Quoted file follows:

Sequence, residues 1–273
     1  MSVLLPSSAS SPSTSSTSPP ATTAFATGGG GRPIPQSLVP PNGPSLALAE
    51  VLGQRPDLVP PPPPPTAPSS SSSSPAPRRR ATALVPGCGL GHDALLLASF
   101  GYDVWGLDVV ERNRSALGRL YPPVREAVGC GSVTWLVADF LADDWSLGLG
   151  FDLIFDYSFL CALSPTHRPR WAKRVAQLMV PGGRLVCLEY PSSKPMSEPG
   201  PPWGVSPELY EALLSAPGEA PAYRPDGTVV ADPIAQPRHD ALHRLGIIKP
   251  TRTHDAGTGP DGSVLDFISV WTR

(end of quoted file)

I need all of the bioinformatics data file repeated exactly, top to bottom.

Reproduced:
Sequence, residues 1–273
     1  MSVLLPSSAS SPSTSSTSPP ATTAFATGGG GRPIPQSLVP PNGPSLALAE
    51  VLGQRPDLVP PPPPPTAPSS SSSSPAPRRR ATALVPGCGL GHDALLLASF
   101  GYDVWGLDVV ERNRSALGRL YPPVREAVGC GSVTWLVADF LADDWSLGLG
   151  FDLIFDYSFL CALSPTHRPR WAKRVAQLMV PGGRLVCLEY PSSKPMSEPG
   201  PPWGVSPELY EALLSAPGEA PAYRPDGTVV ADPIAQPRHD ALHRLGIIKP
   251  TRTHDAGTGP DGSVLDFISV WTR